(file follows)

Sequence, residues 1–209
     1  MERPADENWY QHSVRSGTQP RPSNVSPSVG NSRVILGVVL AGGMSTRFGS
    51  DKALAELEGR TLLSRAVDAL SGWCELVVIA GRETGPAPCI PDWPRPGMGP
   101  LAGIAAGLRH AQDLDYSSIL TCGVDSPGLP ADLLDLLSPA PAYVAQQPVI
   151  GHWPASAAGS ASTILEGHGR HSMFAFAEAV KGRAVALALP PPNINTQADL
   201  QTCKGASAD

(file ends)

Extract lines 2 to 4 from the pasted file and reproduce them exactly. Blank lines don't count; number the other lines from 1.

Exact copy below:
     1  MERPADENWY QHSVRSGTQP RPSNVSPSVG NSRVILGVVL AGGMSTRFGS
    51  DKALAELEGR TLLSRAVDAL SGWCELVVIA GRETGPAPCI PDWPRPGMGP
   101  LAGIAAGLRH AQDLDYSSIL TCGVDSPGLP ADLLDLLSPA PAYVAQQPVI